“The real problem of humanity is the following: We have Palaeolithic emotions, mediaeval institutions and godlike technology. And it is terrifically dangerous, and it is now approaching a point of crisis overall.”
- E.O. Wilson
"Those who plant trees, knowing that only others will enjoy the shade, are public benefactors."
- Marcus Tullius Cicero
Improving Institutional Decision Making
Improving institutional decision making (IIDM) has considerable overlap with several cause areas, suggesting its own robustness as a cause area. However it also remains relatively under-leveraged within Effective Altruism; particularly deliberation, decision making under deep uncertainty, and foresight mechanisms deployed therein.
In particular, extant organisations neglect deliberative democracy as particularly effective, tractable, and impactful despite theoretical and empirical successes. We intend to blend deliberative mechanisms (both in person, and via tools such as pol.is) with foresight exercises, and expert aggregation methods such as the Real-time Delphi Method.
In the short term, we see that citizen assemblies can be convened quickly, producing enhanced results against policy making as it currently exists. For the medium term, we see it as a means to address neglecting skin in the game and collective intelligence, the underutilisation of which can be costly, particularly to intercausal and holistic approaches to civilisational risk. We also see it demonstrating improvements in longtermist deliberation, for example with the Japanese study in Yahaba Town.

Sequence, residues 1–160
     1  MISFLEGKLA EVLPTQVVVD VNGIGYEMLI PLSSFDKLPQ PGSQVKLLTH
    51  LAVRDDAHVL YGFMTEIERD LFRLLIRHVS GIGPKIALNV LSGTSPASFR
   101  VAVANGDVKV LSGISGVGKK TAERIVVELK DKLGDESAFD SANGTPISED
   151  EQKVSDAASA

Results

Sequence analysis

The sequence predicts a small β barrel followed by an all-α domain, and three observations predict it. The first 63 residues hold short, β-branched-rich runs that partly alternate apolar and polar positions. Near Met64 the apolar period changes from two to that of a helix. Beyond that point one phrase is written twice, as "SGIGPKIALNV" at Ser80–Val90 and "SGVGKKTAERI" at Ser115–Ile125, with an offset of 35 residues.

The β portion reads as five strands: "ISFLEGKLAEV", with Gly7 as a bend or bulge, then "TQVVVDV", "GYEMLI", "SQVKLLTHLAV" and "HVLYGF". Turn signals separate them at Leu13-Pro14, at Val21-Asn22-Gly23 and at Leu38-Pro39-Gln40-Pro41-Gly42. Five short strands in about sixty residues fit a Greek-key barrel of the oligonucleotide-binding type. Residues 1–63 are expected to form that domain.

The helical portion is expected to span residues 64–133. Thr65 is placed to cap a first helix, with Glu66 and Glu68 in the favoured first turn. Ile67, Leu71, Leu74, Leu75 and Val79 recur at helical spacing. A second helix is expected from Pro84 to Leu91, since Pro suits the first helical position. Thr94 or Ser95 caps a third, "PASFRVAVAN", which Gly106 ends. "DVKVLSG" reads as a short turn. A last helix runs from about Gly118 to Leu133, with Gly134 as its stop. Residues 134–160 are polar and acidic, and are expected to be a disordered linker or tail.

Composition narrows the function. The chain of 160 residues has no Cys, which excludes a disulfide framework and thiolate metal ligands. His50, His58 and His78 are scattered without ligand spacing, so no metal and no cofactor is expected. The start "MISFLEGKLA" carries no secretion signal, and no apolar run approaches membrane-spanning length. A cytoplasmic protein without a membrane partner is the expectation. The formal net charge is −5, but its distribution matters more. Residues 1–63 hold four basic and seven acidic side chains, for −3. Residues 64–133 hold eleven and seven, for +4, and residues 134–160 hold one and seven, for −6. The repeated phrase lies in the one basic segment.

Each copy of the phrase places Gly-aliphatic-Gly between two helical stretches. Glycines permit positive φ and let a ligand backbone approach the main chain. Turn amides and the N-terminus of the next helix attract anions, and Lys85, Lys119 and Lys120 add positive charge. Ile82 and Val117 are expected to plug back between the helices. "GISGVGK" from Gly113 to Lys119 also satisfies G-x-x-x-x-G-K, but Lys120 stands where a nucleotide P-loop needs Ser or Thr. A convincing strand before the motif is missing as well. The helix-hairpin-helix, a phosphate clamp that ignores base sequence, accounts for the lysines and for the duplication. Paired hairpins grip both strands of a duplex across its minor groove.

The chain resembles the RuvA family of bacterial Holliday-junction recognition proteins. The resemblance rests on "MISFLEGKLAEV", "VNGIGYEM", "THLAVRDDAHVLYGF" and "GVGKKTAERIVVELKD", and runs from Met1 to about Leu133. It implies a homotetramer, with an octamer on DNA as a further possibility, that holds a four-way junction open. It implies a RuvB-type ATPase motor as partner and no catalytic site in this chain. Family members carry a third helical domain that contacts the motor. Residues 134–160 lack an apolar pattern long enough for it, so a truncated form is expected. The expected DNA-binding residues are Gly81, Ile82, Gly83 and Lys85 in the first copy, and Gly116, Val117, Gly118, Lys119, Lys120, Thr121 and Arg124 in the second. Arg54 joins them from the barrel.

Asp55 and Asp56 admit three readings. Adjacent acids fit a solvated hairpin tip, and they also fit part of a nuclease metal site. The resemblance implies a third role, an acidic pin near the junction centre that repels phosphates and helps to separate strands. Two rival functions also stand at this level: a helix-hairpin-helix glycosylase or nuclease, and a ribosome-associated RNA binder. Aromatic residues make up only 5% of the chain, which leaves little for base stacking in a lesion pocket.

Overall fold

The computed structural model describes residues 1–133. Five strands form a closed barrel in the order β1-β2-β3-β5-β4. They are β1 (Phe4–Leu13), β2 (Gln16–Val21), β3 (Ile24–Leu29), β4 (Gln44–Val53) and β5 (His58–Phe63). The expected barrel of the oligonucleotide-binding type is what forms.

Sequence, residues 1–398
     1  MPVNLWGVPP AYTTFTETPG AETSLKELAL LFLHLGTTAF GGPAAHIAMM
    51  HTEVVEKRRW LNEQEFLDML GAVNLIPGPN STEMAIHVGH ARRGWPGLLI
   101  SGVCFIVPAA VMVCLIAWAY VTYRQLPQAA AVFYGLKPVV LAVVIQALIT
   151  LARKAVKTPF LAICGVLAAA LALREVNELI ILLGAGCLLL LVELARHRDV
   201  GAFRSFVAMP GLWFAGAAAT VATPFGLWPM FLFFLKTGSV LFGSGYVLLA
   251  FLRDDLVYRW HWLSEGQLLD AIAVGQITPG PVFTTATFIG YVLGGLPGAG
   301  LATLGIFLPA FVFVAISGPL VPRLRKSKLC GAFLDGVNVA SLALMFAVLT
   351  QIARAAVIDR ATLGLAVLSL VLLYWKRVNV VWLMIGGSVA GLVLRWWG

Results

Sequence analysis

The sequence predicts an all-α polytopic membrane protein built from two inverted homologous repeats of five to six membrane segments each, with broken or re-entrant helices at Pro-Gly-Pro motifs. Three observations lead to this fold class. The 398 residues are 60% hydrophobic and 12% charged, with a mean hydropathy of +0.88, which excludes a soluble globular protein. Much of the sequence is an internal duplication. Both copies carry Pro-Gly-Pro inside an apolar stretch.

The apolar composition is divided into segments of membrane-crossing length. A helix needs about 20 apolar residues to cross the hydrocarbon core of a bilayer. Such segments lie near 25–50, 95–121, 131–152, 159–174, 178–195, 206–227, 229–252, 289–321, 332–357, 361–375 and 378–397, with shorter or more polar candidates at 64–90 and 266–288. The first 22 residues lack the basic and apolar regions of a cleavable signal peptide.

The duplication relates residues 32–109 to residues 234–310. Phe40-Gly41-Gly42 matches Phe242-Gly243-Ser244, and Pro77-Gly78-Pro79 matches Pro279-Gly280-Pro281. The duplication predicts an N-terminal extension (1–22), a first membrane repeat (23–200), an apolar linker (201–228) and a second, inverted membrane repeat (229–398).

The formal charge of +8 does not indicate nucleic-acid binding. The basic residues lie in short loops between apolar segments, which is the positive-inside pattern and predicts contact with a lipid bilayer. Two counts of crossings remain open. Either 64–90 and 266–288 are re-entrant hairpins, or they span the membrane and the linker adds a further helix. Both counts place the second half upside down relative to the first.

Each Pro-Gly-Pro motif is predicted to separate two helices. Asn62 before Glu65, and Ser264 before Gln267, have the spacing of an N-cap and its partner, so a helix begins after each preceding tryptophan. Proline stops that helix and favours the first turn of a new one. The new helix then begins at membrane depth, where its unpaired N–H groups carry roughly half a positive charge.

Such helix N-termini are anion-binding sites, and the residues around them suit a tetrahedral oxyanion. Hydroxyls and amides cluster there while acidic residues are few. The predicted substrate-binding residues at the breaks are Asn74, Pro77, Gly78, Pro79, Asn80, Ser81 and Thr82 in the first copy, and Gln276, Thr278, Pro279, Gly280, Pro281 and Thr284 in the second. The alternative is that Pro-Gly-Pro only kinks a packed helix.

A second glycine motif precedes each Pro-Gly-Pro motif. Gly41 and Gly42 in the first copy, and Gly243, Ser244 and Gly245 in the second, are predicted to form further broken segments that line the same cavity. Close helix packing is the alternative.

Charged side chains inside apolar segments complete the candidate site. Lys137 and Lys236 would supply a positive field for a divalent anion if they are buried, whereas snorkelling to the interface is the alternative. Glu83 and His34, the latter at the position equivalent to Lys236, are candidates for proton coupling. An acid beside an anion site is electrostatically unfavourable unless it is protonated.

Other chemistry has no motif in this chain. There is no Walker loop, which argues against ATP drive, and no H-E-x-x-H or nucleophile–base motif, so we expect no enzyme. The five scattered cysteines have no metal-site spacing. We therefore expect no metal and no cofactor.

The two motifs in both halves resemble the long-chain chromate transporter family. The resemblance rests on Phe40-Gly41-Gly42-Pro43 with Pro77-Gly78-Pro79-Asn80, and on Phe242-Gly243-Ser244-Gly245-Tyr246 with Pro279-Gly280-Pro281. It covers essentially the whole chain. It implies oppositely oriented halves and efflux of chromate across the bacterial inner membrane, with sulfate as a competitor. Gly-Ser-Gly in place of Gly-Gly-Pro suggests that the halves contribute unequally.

Longtermism may not be the only framework for mitigating X-risk and GCR, but it is a vital lens, especially when working on neglected "broad approaches" that appear robust.
Value lock-in is a major risk in the long run, with our era arguably having as crucial a position as the Renaissance, Reformation, and Enlightenment did on the nascent principles and institutions of the modern era.
Accordingly, we emphasise buttressing what Nick Beckstead has outlined as "coordination, capability, motives, and information" capacities today are crucial. Besides IIDM above, we also identify open science and meta-research as associated reforms within the 'Odyssean democratic' framework, as enormous amounts of knowledge and technological development may be unduly constrained by publishing houses today.
Global Catastrophic Risks & Collapse
We welcome a growing appreciation for the irreducible interconnections at systemic levels that amplify intercausal risk, itself contributing to compound, interconnected, interacting, and cascade risks.
Through complexity modelling, agent based, and systems dynamical modelling, we intend to execute decision making under deep uncertainty, fostering greater integration of the natural and social sciences for enhanced understanding of solutions.
This approach is further informed by historical data and current trends within biophysical, informational, and multiscale political (municipal to regional to national and global) trends. We believe in particular with subpar policy responses to climate change, collapse risk deserves far greater attention in an expansive framework for GCR.
The risk of astronomical suffering only increases as technological potency and political failures accumulate; escalating conflict dynamics, psychological and trauma conditioning, and terror management all constitute under-explored components of burgeoning attention on S-risk.
A combination of developing pharmaceutical, existential, and deliberative mechanisms will be explored in the interests of diffusing the 'hidden variables' behind much of malevolent actors' and perverse incentives worsening global wellbeing and mental health, with all their incumbent second order impacts on X-risk and GCR.